Thereby Hangs a……Coffee Berry Tale


Ancient Greek philosophers, those learned ancestors of our world, in their wisdom, derived ideas or styles from a broad and diverse range of sources. They selected doctrines from various schools of thought, and in a combination of the above, threw up the word eklektikas. In much a similar manner, I oft consider myself an eclectic daughter of India, but specifically a native of coffee berry country, or that pocket in the Western Ghats of southern India called Coorg, or Kodagu. And, ‘Why is this so?’ you well may ask.

My parents are from Coorg. My father joined the armed forces soon after his university education earned him a Masters in Economics. He served his King and Country, as he joined the British Indian Army before Independence. He was typically Coorg……tall and broad. But also good looking, running to nose, which denoted his ethnicity, exceedingly urbane and very well read. Traditionally, the men from this niche in the hilly tracts of the Western Ghats, more often than not joined the Armed Forces, or else did what came second nature to them, grew coffee, cultivated rice, pepper, cardamom, and oranges. The armed forces may have welcomed these stalwarts of Coorg, as they were usually well built in stature, in large part maybe because they ate a high protein diet, which was suited to the cold and hilly tracts of their motherland, as also for the rough and tumble of this soldierly calling.  My mother, a beauty with much brains, not to be left behind, won herself a Merit Scholarship in Junior College, for topping her class in English, which saw her graduating with a Bachelor of Honours Degree in English. Many years after the end of World War II, this swashbuckling young officer of now Independent India’s Indian Army, returned on Home Leave to Coorg. While on leave, he chanced to meet this Beauty With Much Brains, at his brother’s house, and in true Mills and Boone style, swept her off her feet. He triumphantly bore off his new bride to his regiment, in the high northern borders of the country, and thus began their new life together.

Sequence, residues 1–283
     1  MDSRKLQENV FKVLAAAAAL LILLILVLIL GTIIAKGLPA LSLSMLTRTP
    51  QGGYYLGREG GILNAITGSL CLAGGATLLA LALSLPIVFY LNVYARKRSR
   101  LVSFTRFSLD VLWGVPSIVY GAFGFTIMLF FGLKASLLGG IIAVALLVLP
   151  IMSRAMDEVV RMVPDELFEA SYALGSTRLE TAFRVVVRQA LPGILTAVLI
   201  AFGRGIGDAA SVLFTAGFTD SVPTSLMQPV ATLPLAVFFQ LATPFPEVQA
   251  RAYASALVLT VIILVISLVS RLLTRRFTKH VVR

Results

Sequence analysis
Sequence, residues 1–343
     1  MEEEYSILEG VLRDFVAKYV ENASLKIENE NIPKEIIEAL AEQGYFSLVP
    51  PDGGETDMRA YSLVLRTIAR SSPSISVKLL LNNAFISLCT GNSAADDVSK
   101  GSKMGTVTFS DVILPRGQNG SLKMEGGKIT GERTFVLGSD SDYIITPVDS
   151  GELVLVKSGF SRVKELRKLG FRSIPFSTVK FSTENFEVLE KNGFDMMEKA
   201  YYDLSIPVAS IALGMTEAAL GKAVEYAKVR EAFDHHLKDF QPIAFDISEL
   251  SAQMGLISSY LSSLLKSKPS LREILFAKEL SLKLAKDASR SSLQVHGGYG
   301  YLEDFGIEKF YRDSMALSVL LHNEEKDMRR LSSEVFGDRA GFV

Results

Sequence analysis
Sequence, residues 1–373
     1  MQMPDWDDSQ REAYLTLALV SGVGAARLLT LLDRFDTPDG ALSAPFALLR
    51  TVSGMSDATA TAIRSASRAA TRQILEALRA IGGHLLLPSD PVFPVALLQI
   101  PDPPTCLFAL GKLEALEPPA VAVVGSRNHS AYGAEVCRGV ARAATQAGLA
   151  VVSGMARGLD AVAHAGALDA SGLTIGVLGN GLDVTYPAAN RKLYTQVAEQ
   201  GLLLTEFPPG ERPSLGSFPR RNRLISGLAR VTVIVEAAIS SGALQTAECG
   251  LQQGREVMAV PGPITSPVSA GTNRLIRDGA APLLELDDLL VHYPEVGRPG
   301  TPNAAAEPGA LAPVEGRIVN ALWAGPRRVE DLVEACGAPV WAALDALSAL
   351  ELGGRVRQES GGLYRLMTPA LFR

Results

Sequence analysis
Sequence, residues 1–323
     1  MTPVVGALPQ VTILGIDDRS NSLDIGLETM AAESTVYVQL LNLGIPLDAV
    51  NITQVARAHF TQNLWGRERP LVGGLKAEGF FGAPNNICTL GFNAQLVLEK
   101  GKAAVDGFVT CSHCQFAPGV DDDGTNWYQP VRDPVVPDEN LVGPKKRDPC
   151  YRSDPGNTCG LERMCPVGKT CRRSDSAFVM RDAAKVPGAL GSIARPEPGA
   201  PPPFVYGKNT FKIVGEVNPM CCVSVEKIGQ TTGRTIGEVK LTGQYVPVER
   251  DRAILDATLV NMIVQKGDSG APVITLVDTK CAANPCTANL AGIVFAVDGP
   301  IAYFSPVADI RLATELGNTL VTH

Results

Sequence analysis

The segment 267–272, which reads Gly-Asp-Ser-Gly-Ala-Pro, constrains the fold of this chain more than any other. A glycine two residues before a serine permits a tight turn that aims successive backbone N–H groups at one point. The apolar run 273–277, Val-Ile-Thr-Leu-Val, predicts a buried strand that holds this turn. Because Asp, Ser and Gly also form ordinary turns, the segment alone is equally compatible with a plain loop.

In time, I was an addition to my parents ….their only one. Alas, even swans have ugly ducklings, and there I was. My mother used to say that she had always wanted a chubby baby, and a slender teenager. I needed to be different I guess, as I was this sickly, puking infant and a plumply, rounded teenager. I moved with my parents from one Army Cantonment camp to the next, from one new school to yet another, wherever my father’s transfers took him, but always in the north or central parts of the country, never south. As a result, I had the good fortune to enjoy the friendships of people from various parts of our land. My closest school friends remain my closest friends to this day. My father retired, we moved back to our roots in the south, like homing pigeons. As the saying goes, “blood will out!” I had inherited my mother’s love of the English language, my parents’ love of reading, which metamorphed into my choosing to also study English for my Bachelor’s degree. Somewhere along the way, I also discovered a passion for putting my thoughts down on paper. So while I had not genetically inherited much from my erudite and handsome parents, I did discover in me the urge to write, and took to it, much like the ugly duckling to water. I have never looked back. I write whenever the Muse strikes me, with no ambition to publish my work. I write an eclectic mish-mash of everyday mundane & mediocre incidents, of the idiosyncrasies of people and circumstances. Over the years and along my journey, I wrote of life’s experiences and those of the people, strangers, friends, acquaintances, that I chanced upon the way. I write for the sheer joy and love of writing, for the pleasure it gives me.